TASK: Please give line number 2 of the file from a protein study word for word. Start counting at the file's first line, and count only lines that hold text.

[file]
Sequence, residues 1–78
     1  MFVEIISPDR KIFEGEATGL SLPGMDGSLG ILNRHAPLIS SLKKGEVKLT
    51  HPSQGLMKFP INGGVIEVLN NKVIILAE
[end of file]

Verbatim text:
     1  MFVEIISPDR KIFEGEATGL SLPGMDGSLG ILNRHAPLIS SLKKGEVKLT